“Our campaign was mainly digital, with a strong presence on social networks, promotional videos, [and] sponsored posts. So, the content was mainly targeted at young people,” he added. This was also the case with the National Rally of Independents, whose trilingual and digital campaign attracted a large part of the urban youth.
Furthermore, women played an important role in the elections, as the electoral quota grants them 90 seats out of 395, as well as first and second place in the lists.
“These elections are an achievement for women’s political representation,” Afaf Sebbar, a student of international relations, told Inside Arabia. “The candidate who won in my constituency in Casablanca is a young [female] lawyer,” she added. Sebbar believes that the two leading parties – the RNI and PAM—have qualified themselves as progressive forces.
Allegations of Vote Buying
Since the Parliament is not the center of gravity of Moroccan politics, which is largely in the hands of the Monarchy, election campaigns are traditionally marked by a lack of real distinction between the parties.
“When you look at the promises of the different parties, you realize that they are relatively similar,” Younès, a Moroccan activist and student of European law at the University of Lille, told Inside Arabia. “There is no party with a clear ideology and values.”
Before the elections, the King said that the parties would be asked to adopt a “pact” based on a new “development model” defined in advance by the Monarchy. Political parties have thus mainly debated around sectoral and technical issues, such as social security benefits, public-private partnerships in education, and access to credit for small and mid-size enterprises (SMEs).
However, some managed to stand out, such as the Istiqlal party and its “green vision,” which helped it win 81 seats. But overall, candidates relied primarily on their personal reputations and campaign networks to convince voters, rather than on proposing any tangible agenda.
While the elections were perceived by many international observers to have been conducted in a transparent, free, and fair way, several incidents of corruption were identified by the political parties themselves.
“All parties recognized the validity of the elections,” said Abdellah Eid, who seemed to moderate his remarks. “There were nevertheless some isolated cases of candidates who bought votes. We try to limit the intervention of the world of money as much as possible.”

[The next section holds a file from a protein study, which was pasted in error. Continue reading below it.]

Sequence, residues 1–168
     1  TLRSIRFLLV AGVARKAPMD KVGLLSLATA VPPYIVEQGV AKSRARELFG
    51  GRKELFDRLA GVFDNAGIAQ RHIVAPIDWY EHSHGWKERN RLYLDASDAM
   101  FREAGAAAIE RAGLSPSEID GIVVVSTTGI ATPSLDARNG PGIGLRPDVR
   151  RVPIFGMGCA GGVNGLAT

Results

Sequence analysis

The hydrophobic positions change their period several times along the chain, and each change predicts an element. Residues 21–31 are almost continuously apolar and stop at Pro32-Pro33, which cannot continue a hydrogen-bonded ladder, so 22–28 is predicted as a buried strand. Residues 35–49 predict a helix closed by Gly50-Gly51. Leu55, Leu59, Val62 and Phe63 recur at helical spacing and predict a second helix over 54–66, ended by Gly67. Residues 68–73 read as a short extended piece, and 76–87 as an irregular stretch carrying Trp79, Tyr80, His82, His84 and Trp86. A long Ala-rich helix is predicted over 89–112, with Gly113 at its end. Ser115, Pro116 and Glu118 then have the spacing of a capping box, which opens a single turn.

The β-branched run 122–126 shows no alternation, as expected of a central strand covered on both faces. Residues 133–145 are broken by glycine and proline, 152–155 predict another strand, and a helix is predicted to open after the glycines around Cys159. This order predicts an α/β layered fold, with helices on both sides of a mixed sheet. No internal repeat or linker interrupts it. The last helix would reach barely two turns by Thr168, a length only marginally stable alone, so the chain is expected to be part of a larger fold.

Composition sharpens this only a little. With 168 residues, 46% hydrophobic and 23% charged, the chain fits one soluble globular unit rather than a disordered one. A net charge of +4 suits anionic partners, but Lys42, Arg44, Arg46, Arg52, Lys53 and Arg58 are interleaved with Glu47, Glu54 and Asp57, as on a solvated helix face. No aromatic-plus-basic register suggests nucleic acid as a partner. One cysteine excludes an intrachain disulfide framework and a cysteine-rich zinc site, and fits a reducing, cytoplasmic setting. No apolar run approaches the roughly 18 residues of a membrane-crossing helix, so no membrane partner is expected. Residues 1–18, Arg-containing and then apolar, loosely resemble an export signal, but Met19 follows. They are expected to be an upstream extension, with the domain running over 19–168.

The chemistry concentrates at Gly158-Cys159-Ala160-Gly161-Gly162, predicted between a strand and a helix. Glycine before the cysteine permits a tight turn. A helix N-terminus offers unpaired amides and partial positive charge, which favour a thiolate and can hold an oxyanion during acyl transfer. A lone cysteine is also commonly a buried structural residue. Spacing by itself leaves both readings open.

The political bureau of the United Socialist Party has denounced attempts to buy votes during the elections, stating that it witnessed such tactics particularly in poor and marginalized neighborhoods.
As for the PJD, it has alleged that “massive violations” occurred on election day, claiming that members of their section in Berrechid, a town in the region of Casablanca, were sabotaged and that the equipment in their office was intentionally damaged.
The Istiqlal party joined in the criticism, accusing local authorities in Guelmin-Oued Noun in the south of attacking their candidate and failing to hand over polling station reports to party representatives.
A Likely Coalition Between the Leading Parties
A former Minister of Agriculture, Aziz Akhannouch is President of the leading National Rally of Independents (RNI) and also the country’s first private fortune. He has been invited by the King to form a government, as the constitution – born in the wake of the Arab Spring – requires the King to choose the Prime Minister from the party that comes out on top in the legislative elections.
“There is a very good synergy between the two parties [RNI and PAM], even if they have different visions for the country.”
According to Salaheddine Bakour, it is very likely that a coalition will soon be formed between the RNI and the Authenticity and Modernity Party (PAM), who came in second place in the polls. “There is a very good synergy between the two parties, even if they have different visions for the country,” he said.
During the previous elections in 2016, the deadlock in the formation of the government lasted more than six months, until the resignation of the Secretary General of the PJD, Abdellah Benkirane, and his replacement by Saad el Othmani. Yet, as negotiations are already taking place to achieve a common government program, political observers are hoping for the creation of a swifter coalition this time around.